We’re rolling along the two-lane Upper Peninsula highway north of Paradise toward Whitefish Point when I spy the simple, hand-lettered “WildWorks” sign by the side of the road and do a U-turn.
As I pull into the small parking lot I’m wowed by the setting on Lake Superior and the extensive gardens filled with blooming flowers, lush ground cover, tall trees, small stacks of stones and found objects enjoying new life as yard art.
I am entranced by this spot, by this a secret garden not seen from the road, a private and peaceful retreat on a slice of sandy land between the highway and the greatest Great Lake. A little bit of paradise in Paradise.
Everywhere there’s something fun to see: a casual but artful arrangement of marbles and stones. A vintage copper gelatin mold repurposed as a bird feeder. A strawberry patch protected from wildlife. An oversized, broken mirror propped against a fence, reflecting the natural beauty. An antique buggy parked in a just-planted bed of sedum. Adirondeck chairs perched on a deck overlooking Lake Superior.
Scott Erickson is getting ready to hop into his pick-up truck and I ask him if he’s the artist. He laughs and says that his wife Barb has been encouraging him to start making things out of the items he finds and hauls home—some of which, I presume, dot the lot around the house.
He points us toward the WildWorks studio and gallery where Barb Erickson crafts all sorts of things out of her imagination and pieces of nature.
Barb says she’s been making art since she was a girl growing up in Grand Rapids, since she could hold a brush and dab at the colorful squares in her tin of watercolors. “I was just compelled to always be doing, making something,” she says.
The self-taught artist still She still paints with watercolors but also acrylics, mostly birds and scenes from nature on canvas, tree bark, driftwood and wearables.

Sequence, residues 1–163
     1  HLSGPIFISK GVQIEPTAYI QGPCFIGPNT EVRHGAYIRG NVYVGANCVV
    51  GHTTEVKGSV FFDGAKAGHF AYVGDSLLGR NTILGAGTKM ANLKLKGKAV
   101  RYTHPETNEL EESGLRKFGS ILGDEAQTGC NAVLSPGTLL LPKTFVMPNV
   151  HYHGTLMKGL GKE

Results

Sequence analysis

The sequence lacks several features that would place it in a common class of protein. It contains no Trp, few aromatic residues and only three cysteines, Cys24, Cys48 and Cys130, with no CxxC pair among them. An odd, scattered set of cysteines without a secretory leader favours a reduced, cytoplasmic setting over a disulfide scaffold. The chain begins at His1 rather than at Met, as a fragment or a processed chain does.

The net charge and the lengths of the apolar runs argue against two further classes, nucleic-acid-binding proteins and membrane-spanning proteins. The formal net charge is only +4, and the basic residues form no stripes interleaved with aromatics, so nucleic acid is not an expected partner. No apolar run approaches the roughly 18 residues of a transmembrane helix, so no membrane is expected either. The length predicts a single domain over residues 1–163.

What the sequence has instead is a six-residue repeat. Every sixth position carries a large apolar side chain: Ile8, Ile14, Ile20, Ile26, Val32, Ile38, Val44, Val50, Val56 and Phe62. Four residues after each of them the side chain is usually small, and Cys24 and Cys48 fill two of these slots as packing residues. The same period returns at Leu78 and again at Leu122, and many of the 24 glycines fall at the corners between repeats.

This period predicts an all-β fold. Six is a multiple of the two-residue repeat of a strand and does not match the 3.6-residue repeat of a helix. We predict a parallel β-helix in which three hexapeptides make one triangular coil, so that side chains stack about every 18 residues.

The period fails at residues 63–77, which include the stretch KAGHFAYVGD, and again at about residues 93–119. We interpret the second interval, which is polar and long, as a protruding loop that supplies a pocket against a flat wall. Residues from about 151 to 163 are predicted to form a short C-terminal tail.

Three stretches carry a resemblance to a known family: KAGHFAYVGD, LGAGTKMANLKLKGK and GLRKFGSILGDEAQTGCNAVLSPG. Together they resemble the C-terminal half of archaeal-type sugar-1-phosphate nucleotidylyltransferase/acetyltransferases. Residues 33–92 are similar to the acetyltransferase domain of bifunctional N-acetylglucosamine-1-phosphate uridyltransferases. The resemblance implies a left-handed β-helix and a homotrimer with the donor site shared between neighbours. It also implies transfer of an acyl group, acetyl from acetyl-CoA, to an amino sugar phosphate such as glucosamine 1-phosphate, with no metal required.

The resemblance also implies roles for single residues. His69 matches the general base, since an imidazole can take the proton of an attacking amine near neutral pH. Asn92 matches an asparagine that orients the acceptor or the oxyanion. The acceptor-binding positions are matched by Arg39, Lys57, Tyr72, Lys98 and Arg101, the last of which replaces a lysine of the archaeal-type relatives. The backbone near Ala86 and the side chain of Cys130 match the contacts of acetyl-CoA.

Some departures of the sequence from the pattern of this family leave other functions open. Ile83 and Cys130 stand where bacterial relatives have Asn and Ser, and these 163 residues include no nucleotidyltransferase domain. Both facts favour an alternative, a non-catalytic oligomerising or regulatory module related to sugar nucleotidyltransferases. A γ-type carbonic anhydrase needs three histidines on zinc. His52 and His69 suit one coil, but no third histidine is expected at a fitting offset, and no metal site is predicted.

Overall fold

Barb and Scott just took a 5-day trip to the Western U.P. to gather driftwood for projects—she was recently commissioned to paint a lighthouse and an ore carrier on pieces of wood.
She also gathers twigs, stones and other bits from the earth and creates jewelry, decorative wall hangings and a variety of whimsical pieces. Take home a piece of Paradise, a smooth Lake Superior rock painted with the name of the village and the wild blueberries that inspire the annual local festival. Wear a hand painted bird head pin or an owl’s face on a T-shirt. Flip over a driftwood “Welcome” sign and change the message to “Go Away.”
“I had all these glass microscope slides and insect wings, and put them together,” says Barb, pointing to a delicate sun catcher, as if everyone would think to create miniature stained glass-like pieces from cast offs.
When we stopped by Barb had just opened her cozy shop in a converted guest cabin, its knotty pine paneled rooms filled with her creations and a sprinkling of vintage finds.
This is fun, affordable art crafted with care by a talented woman who greets visitors from a table near the front door and plays with twigs, looking for inspiration, as she chats. “I can do something with these,” she says.
Three enthusiastic shoppers scooping up an assortment of well-priced gifts discover that one of the trio has to retrieve more cash because Barb doesn’t accept credit cards. The remaining two continue to shop. I think it makes a difference in buying decisions when you can chat with artists about their work and experience a personal connection to pieces handcrafted on the spot.
T.J. and I took a few minutes more to enjoy the garden and gain some inspiration for ways to make our yarden a more personal environment—or maybe just a place for all of that “stuff” I can’t part with that’s just collecting dust in the basement.
WildWorks will be open 10 a.m.-5 p.m. on weekends (Friday through Sunday) at least through mid-October. Just look for the sign by the side of the road.
After that and through the long, cold winter Barb will keep herself busy making art and plans for her garden in her cozy compound on the Lake Superior shore.
NOTE: You may email for an appointment at the gallery; see the WildWorks by Barb website for more info.
10094 N. Whitefish Pt. Dr., Paradise, Michigan
WildWorks will be open at least through mid-October and will reopen in May.
No parking for RVs or other large vehicles. Cash only.
WildWorks is located in Area D on the map
All stories and photos copyright Kath Usitalo unless otherwise noted